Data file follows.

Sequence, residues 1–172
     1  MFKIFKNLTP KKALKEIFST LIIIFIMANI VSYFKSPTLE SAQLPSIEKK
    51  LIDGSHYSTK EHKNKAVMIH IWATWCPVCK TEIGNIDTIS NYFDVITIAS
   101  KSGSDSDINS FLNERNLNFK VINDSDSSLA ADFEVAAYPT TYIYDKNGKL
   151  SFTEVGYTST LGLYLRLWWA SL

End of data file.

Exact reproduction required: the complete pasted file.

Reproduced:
Sequence, residues 1–172
     1  MFKIFKNLTP KKALKEIFST LIIIFIMANI VSYFKSPTLE SAQLPSIEKK
    51  LIDGSHYSTK EHKNKAVMIH IWATWCPVCK TEIGNIDTIS NYFDVITIAS
   101  KSGSDSDINS FLNERNLNFK VINDSDSSLA ADFEVAAYPT TYIYDKNGKL
   151  SFTEVGYTST LGLYLRLWWA SL